What’s more, you can analyze these live data in our Timeplus Console with SQL or streaming charts. For example:

  • SELECT count(*) FROM github_events to show the latest count of streaming events, automatically updated every 2 seconds

  • SELECT window_start, repo, count(*) FROM tumble(github_events,30s) GROUP BY window_start, repo to count events by repo every 30 seconds

  • SELECT window_start, repo, count(*) FROM hop(github_events, 1s, 30s) GROUP BY window_start, repo to count events by repo every 30 seconds and update results every second

Timeplus provides out-of-box live tables and charts. You can also use your favorite Business Intelligence tools to visualize the data.

Sample dashboard in Redash

The first screenshot in this blog is from a streamlit app. With our Python SDK, it’s very easy to build such an app with few lines of code. For example, to show such top 10 active repos in the past 4 hours like this:

You only need to write about 10 lines of code.

Last but not the least, I want to show you how to use Timeplus’s flexible JSON support. The payload attribute in the data stream is actually a JSON string. Different types of GitHub events generate different types of payload. For example, CreateEvent, which is triggered when a git branch or tag is created, generates the following sample JSON payload:

{"ref": "0.0.7", "ref_type": "tag", "master_branch": "main", "description": null, "pusher_type": "user"}

For example, if we want to understand what are the most popular master_branchnames, we can run the following query:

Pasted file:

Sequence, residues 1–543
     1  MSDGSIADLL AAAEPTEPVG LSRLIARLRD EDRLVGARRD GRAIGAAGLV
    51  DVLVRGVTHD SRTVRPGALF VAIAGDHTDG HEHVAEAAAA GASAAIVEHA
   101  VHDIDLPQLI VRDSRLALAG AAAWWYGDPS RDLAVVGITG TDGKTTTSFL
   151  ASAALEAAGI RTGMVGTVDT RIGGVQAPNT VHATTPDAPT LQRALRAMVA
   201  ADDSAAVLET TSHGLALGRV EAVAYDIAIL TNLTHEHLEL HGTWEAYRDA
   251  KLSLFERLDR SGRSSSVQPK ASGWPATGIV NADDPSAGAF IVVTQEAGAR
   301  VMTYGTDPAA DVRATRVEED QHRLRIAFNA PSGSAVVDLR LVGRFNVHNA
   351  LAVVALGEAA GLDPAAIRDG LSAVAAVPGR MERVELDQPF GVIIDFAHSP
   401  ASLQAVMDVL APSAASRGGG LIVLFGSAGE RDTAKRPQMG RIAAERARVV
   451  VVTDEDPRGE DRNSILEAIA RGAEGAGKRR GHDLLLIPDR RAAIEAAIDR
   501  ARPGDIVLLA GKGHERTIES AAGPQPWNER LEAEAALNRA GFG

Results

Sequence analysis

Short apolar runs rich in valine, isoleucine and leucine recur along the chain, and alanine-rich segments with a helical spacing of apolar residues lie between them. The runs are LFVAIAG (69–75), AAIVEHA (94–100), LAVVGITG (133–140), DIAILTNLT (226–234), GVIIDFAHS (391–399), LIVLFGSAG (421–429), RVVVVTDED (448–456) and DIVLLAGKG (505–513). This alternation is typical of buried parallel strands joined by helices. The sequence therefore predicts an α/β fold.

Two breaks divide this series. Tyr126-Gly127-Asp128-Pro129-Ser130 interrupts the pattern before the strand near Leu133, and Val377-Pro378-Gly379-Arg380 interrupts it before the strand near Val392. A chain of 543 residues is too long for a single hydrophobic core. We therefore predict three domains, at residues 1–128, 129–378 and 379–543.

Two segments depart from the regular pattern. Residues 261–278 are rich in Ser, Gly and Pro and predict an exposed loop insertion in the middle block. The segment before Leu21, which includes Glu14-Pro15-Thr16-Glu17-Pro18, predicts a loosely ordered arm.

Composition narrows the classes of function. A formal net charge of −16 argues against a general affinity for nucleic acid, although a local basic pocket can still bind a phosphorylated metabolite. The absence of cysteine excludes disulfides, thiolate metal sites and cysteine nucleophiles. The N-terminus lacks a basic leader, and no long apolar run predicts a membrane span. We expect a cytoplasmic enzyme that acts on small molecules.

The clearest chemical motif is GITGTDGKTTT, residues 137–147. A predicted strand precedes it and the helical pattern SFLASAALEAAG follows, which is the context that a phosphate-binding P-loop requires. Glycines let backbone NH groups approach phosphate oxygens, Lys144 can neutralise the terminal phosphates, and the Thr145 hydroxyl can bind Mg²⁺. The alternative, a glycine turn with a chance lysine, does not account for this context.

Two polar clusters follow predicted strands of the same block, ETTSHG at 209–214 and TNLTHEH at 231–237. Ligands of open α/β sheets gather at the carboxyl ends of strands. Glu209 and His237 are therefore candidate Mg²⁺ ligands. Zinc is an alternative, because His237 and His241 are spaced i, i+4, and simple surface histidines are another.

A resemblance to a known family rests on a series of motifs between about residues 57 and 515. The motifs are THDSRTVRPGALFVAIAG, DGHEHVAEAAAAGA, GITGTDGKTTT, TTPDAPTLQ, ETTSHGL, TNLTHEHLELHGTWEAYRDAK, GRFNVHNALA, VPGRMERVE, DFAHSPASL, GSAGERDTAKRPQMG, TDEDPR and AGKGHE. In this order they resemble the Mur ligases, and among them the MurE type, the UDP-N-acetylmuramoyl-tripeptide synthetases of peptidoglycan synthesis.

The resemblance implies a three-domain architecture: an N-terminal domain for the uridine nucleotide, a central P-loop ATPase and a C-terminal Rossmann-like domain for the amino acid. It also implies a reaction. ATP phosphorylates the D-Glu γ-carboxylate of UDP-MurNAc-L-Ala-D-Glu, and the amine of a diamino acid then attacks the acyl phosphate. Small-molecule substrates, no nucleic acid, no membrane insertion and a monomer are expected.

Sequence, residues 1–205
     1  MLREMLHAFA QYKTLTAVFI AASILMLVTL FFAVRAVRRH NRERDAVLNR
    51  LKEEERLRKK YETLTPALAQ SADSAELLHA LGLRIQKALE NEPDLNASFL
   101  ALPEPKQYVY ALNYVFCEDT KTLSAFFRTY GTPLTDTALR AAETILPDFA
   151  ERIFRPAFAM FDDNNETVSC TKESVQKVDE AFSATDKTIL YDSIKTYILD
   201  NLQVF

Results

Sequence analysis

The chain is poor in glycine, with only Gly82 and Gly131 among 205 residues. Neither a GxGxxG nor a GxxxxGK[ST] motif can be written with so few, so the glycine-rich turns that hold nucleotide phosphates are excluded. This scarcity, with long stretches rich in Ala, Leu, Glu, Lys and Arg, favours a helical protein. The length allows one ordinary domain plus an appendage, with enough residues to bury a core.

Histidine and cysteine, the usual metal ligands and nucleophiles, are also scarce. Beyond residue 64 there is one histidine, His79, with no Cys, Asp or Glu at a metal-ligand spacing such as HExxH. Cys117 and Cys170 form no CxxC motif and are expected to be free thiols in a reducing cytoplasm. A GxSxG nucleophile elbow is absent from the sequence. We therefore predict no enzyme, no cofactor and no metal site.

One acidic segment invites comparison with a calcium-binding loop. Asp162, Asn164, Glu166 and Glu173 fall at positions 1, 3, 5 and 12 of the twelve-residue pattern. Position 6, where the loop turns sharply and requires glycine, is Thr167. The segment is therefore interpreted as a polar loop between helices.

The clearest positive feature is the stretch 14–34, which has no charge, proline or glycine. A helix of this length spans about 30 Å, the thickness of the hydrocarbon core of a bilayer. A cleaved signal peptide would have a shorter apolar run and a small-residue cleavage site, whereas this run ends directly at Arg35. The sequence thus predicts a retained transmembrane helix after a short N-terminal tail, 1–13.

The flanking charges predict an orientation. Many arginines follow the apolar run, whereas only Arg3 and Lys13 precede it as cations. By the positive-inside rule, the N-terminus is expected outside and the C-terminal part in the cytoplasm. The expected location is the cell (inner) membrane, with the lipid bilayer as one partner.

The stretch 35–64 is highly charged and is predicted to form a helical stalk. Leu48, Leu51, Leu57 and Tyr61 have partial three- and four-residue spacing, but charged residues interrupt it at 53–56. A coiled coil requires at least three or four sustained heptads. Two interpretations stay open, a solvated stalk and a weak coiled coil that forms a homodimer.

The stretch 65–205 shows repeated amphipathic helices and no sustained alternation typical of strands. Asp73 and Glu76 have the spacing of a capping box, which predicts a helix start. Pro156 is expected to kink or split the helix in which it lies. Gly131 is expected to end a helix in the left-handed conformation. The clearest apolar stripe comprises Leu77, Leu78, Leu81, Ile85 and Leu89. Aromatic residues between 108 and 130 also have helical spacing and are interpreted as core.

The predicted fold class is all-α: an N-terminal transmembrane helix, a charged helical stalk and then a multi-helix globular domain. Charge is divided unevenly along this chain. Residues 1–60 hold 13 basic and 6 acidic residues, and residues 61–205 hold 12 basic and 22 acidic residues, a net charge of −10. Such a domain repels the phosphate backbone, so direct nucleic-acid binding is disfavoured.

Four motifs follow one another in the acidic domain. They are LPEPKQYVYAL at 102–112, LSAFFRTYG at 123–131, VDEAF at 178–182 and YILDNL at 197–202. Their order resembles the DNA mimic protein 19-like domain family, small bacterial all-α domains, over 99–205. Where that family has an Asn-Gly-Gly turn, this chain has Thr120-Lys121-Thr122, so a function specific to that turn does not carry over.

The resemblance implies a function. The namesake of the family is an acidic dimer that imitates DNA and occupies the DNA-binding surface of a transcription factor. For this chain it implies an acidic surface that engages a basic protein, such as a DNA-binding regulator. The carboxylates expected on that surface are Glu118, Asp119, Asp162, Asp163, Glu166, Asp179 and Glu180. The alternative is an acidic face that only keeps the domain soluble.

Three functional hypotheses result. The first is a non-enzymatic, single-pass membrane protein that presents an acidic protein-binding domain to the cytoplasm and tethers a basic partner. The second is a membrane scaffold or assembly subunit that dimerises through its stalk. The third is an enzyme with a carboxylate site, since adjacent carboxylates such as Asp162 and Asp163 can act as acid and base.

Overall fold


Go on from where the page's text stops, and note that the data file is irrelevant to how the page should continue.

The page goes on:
SELECT json_extract_string(payload,'master_branch') AS master_branch,count(*) AS cnt FROM github_events WHERE type='CreateEvent'GROUP BY master_branch ORDER BY cnt DESC

When I observe the live events for 10 minutes, I am happy to see there are more branches created with main instead of master !

|master_branch|cnt |
|main         |4102|
|master       |2486|
|develop      |96  |
|dev          |47  |
|development  |15  |
|rc-22.3000   |8   |
|gh-pages     |7   |

Timeplus supports many JSON functions. You can also create different views for different types of events to make the query more straightforward.

CREATE VIEW github_create_events AS
SELECT id, created_at,actor,repo,
json_extract_string(payload,'ref') AS ref,
json_extract_string(payload,'ref_type') AS ref_type,
json_extract_string(payload,'master_branch') AS master_branch
FROM github_events WHERE type='CreateEvent';

-- filter by JSON attributes
SELECT * FROM github_create_events WHERE master_branch='main'

In summary, we believe building fast and powerful real-time analytics should be much easier and more intuitive than it is now. For this first tutorial, we demonstrated

  1. how to load data from a GitHub Events API into Timeplus with less than 20 lines of code

  2. how to query fresh data right away with out-of-box streaming query and live charts. REST API and Python SDK are available to integrate Timeplus with your infrastructure and toolchain.

You can try the Timeplus playground today to run streaming queries or check our website to join our private beta or read more on our product offerings.

We will open-source our Python SDK very soon. Be sure to check it out. We can’t wait to hear how you use it to build your own amazing real-time insights, and how we can further help you on your real-time journey. As always, we are grateful for your feedback and support.